Gaia; an Earth Day reflection

Sometimes it’s good to step back from our day to day concerns and take in the bigger picture.

By Jo Overty, Project Officer, UNESCO Biosphere Isle of Man

Sometimes it’s good to step back from our day to day concerns and take in the bigger picture.

They don’t come much bigger than Gaia, a six metre diameter installation – essentially a giant dangling globe – created by Luke Jerram, and it’s on show in the Isle of Man to coincide with Earth Day (22nd April).

The globe features detailed NASA imagery of the Earth’s surface, set to a 30-minute soundtrack by BAFTA-winning composer Dan Jones.

It offers us a perspective you cannot see, unless you are Tim Peake or our own Nicole Stott.

Gaia's creators say: 'The artwork is 1.8 million times smaller than the real Earth with each centimetre of the internally lit sculpture describing 18km of the Earth’s surface. By standing 211m away from the artwork, the public will be able to see the Earth as it appears from the moon.'

Gaia makes us think about our beautiful planet, the damage humankind is doing to it, and our sense of responsibility for it.

The installation is in the stunning setting of St Thomas’s Church, Douglas, and the building’s stonework and frescos perfectly complement its colours. It is a brilliant location.

Sitting under it, you see mainly the southern hemisphere, of course, and my first thought was how ‘empty’ it is. So much ocean. How could human activity possibly be ‘winning’ over such a vast expanse of natural world.

I looked at New Zealand, which I have visited, and struggled with just how far away it is from our little Island.

The 30-minute soundtrack has dramatic music, voices, young and older, and, at one point, becomes a cacophony of noise, presumably to indicate the clashing narratives and chaotic state the world is in.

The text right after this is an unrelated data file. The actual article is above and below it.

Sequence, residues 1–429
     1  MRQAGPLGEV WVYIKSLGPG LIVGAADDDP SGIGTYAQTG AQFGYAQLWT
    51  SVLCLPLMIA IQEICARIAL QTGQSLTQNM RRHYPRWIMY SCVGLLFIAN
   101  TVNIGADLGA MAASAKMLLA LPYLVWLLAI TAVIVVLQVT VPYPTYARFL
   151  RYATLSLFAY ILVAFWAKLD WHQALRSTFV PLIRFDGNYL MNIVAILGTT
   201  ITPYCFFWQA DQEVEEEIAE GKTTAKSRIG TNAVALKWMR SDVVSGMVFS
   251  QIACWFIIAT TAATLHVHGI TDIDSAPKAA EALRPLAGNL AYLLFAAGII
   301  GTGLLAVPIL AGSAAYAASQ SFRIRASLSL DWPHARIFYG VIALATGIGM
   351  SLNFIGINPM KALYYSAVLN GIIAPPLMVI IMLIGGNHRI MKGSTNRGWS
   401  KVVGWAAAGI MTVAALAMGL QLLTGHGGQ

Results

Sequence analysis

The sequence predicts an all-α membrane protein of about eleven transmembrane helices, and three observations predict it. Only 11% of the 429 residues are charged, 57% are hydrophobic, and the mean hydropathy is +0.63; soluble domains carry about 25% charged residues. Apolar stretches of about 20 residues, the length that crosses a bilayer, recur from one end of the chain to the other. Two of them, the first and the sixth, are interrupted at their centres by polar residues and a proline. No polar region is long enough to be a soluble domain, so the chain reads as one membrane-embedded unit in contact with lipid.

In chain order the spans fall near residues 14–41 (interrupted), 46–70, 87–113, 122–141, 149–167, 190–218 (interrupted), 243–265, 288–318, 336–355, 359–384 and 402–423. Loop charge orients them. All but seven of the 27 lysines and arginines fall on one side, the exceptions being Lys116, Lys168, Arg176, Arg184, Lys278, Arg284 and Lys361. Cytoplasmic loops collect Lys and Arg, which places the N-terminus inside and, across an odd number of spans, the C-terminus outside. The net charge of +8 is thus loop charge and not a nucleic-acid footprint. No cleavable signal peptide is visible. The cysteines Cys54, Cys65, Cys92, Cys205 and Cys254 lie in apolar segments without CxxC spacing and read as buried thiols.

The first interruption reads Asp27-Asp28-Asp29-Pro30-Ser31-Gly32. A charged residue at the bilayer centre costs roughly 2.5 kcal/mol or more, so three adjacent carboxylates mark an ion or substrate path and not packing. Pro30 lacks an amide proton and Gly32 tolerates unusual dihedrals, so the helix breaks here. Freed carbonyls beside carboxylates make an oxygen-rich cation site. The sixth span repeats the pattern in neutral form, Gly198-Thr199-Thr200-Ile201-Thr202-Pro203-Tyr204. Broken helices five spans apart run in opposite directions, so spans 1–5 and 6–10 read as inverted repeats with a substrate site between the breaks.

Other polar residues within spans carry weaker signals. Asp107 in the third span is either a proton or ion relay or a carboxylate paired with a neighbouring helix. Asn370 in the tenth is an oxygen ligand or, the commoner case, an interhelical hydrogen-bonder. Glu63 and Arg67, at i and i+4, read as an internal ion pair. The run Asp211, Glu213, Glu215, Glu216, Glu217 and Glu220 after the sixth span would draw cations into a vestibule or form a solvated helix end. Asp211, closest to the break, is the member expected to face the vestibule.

The climate crisis is described as ‘life or death’. If we heard that in any other setting, we'd run for our lives.

Some sat in silent awe, others posed for selfies (Earthies?) and children scampered around bright eyed or leapt up to try to touch it. Perhaps if we were all a bit more in touch with the planet things would be better.

There’s also a chance to add your pledge for the planet to a board and this 56 and three quarter year old added hers.

In 2024, alone, Gaia is visiting America, Canada, Finland, Scotland, Ireland and Lithuania.

A look at the science festivals and exhibitions Gaia has been to, or is going to, made me realise how brilliant it is that the Net Zero Isle of Man team have secured it for the Isle of Man, with support from Ørsted and Isle of Man Arts Council.

It's central to our role as a UNESCO Biosphere to connect people with the planet and the challenges it faces, but also educate, and promote engagement and enjoyment. Gaia does that.

There are daytime and evening sessions, including ‘quiet’ sessions, plus a brilliant programme of events, music, art etc, until 12th May. I think it will be quite magical to hear local musicians and singers perform under the spinning globe.

Many sessions are free. Booking is essential. Find out more and book here. I expect all sessions will book up fast (oh, and on that note, if you book but cannot go, please unbook to give others the opportunity).

It's easy to feel depressed about the climate and biodiversity emergencies but Gaia made me feel heartened by the ingenuity scientists, engineers and artists have displayed to bring this to our attention.

Now, to do a bit better for my planet. And get rid of that Duran Duran earworm…


Posted up on 20th April 2024


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